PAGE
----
The City of Des Moines will leave your recycling carts curbside if the stuff in the cart is obviously wrong.
A Des Moines recycling company diverted 20 tons of recyclable paper a day to the landfill this summer.
For many central Iowans who take the time to sort through their trash — pulling out glass, plastics, aluminum and paper — it was a hard pill to swallow.
And many are asking: Is it worth the time to recycle items if some just end up in the landfill anyway?
Yes, says Leslie Irlbeck, the public affairs manager for Metro Waste Authority.
Even though some recyclables ended up in the landfill over the summer, she said, curbside recycling carts still extend the life of many items that otherwise would require humans to mine, cut or create from scratch.
“Rather than making products out of virgin materials, we’re able to re-use products that have already been made at some point for another purpose,” Irlbeck said.
Metro Waste Authority provides curbside recycling services for Des Moines’ suburbs.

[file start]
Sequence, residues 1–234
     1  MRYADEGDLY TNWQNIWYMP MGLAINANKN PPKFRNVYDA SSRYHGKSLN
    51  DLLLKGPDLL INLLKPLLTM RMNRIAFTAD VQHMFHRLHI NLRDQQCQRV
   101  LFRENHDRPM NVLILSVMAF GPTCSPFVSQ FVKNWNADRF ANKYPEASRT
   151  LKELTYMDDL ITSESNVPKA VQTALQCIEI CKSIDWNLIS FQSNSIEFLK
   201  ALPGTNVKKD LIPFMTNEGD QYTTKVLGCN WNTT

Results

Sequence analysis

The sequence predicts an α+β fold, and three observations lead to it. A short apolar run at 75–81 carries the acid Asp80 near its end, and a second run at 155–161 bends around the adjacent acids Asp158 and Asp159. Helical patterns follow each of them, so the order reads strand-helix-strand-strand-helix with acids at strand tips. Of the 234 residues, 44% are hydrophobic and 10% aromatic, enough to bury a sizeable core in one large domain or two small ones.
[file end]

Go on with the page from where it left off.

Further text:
More: Paper recycled by Des Moines residents was diverted to landfill due to lack of buyers
Plus, recycling saves landfill space, which in the long term saves money, she said.
Kathy Morris, director of the Waste Commission of Scott County, said recycling values have plummeted in recent years — a ton of recyclables that averaged $134 in 2017 dropped to $63.05 in August
An improper item in a Des Moines recycling bin. (Photo: Special to the Register/City of Des Moines)
But Morris points to other numbers to illustrate recycling’s impact.
Since Bettendorf and Davenport went to single-stream recycling in 2016, the program has saved more than 114 million kilowatts of electricity, more than 491,000 trees and more than 286,000 barrels of oil.
“It still is very valuable to our community and the environment,” Morris said.
West Des Moines resident Sandy Greif called Metro Waste Authority on Monday to ask whether she should keep recycling.
Irlbeck assured her that MWA does all it can to prevent recyclables from entering the landfill.
Her pep talk worked.
“I’m going to continue to recycle,” Greif said.
Confused? Here’s what you should do
Sandy Greif did exactly what Leslie Irlbeck hopes any confused MWA customers do: She called and asked for help. Suburban residents can also view an online recycling guide at www.mwatoday.com.
Des Moines, which handles its own curbside recycling, also boasts an online recycling guide. The city also runs a “Gold Level Recycling” program, in which city staff will audit your recycling to determine if you’re a super recycler.
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